Peru, land of the Incas, borders Brazil, Ecuador, Bolivia and Colombia on the west coast of South America. Alongside its rich ancient culture, the country also offers tourists 2,414 km of coastline and a range of climates from tropical and desert heat to the freezing cold heights of the Andes.
Ancient Peru was the seat of the Inca empire. The country was captured by the Spanish conquistadors in 1533 and ruled by Spain before declaring independence in 1821. Peru has had a democratic government in place since 1980 and is one of the more stable South American nations, though it has witnessed some political tensions and economic problems in recent years. With a population of around 28 million, modern Peru is South America's third largest country and embraces a mix of cultures.
The ancient Inca capital of Cuzco is now a lively city of around 300,000 and an excellent starting destination for a trip to Peru. Parts of Inca stonework mingle with Spanish architecture, a legacy of the conquistadors, and the city is also home to the stunning Temples of the Sun and the Moon. The ruins at Chavin de Huantar are becoming an increasingly popular destination. Situated 250km north of Lima, the 3,000-year-old site is less crowded than Machu Picchu, but very dramatic, rising up from an isolated hillside. The vast, deep blue Lake Titicaca, the world's highest navigable lake, spans the border between Peru and Bolivia and was a key site for the Inca civilisation.
From the jungles of the Amazon basin to the soaring Andean mountains, Peru offers the intrepid traveller a range of experiences. The Peruvian high sierra of the Andes is considered the most beautiful on the continent, though it is also one of the most unstable mountain ranges in the world. In villages and towns across the Andes, local peoples still work and live in the same way they have done for centuries. The national park, Parque Nacional Huascaran, offers a vast expanse for hiking and trekking in the Andes, with some stunning indigenous flora and fauna.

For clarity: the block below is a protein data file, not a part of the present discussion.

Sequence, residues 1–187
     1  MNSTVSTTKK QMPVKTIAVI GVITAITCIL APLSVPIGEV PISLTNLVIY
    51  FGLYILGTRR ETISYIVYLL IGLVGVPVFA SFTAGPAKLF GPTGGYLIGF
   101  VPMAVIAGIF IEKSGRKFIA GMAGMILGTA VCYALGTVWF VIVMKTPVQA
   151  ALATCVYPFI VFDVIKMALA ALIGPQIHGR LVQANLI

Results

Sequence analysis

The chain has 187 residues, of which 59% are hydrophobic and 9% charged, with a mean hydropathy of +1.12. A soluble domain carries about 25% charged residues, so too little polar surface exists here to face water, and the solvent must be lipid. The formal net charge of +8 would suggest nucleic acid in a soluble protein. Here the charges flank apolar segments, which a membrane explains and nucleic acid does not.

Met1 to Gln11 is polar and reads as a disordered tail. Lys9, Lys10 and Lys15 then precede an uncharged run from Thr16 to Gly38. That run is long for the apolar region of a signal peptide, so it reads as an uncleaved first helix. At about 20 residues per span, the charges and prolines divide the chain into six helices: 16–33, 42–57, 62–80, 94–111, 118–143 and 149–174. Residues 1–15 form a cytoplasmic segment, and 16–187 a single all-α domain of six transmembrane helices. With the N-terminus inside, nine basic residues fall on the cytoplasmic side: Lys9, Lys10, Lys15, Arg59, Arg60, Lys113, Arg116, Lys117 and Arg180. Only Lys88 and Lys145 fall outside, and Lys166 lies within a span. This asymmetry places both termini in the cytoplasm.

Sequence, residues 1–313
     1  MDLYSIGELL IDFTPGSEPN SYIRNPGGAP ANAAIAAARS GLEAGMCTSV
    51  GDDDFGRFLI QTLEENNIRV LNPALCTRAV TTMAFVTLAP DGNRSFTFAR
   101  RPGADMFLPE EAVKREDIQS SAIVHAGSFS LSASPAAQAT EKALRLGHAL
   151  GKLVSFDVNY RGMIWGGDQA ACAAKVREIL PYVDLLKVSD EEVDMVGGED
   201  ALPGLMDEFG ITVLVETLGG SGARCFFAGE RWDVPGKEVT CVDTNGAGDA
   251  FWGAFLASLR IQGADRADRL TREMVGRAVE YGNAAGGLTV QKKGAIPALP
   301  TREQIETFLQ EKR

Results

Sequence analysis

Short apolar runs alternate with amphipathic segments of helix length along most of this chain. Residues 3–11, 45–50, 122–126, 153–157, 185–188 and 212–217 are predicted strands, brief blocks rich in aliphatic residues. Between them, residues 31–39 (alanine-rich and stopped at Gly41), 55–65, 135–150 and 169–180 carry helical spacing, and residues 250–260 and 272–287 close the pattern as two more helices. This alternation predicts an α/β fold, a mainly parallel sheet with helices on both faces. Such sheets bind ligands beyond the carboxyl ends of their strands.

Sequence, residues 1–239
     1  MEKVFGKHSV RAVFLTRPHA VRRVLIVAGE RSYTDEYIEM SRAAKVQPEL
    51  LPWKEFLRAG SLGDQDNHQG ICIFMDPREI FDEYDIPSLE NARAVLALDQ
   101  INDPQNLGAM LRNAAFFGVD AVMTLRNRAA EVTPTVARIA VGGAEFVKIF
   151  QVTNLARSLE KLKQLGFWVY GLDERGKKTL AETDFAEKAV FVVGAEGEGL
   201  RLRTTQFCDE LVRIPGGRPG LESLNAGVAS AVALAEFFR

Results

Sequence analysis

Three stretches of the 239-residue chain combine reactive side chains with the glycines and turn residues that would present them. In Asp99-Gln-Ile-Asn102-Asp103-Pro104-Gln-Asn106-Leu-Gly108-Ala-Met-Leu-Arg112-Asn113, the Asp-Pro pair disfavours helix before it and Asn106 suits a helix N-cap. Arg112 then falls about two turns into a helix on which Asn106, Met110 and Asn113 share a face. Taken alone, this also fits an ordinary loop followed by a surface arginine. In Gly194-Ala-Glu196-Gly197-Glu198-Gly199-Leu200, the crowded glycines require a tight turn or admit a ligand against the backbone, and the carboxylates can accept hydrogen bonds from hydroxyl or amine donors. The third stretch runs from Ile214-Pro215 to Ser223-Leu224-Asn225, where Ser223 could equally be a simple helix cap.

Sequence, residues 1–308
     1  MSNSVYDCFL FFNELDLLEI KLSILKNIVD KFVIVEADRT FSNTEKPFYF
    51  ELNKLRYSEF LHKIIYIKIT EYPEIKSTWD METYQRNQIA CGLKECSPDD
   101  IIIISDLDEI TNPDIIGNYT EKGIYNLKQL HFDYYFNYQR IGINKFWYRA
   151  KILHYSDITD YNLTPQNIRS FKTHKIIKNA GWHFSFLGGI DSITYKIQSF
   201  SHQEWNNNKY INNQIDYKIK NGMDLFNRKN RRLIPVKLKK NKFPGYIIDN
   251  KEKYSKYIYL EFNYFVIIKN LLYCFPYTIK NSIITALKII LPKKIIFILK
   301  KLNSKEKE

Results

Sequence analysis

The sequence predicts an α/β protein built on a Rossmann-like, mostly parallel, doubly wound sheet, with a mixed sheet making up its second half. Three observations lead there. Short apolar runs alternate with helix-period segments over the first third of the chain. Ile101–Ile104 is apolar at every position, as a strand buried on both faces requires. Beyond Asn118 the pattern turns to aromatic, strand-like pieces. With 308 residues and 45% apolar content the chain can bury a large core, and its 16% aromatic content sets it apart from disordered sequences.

The dense jungle provides the ideal location for those seeking adventure, though a trip along the Amazon is recommended for only the most intrepid travellers. A growing number of companies offer tours and it is advisable to go with an experienced guide to see the fantastic birds, animals and plants that inhabit the tropical forests.
The coastal region of Peru is an extension of the arid Atacama Desert offering the delights of the capital Lima and a myriad of sea and bird life. The mysterious Nazca Lines, a series of vast, intricate ancient drawings, stretch across a plateau for 30 miles and include representations of birds, animals and figures. They can be viewed by air and flights can be arranged from Lima or the town of Nazca. Lima itself is home to a wealth of sights, with excellent places to eat, entertainment, museums, churches, nearby beaches, beautiful plazas and archaeological sites. The city also offers the chance to shop in markets for traditional, brightly-coloured Peruvian gifts and has a number of excellent hotels and nightclubs.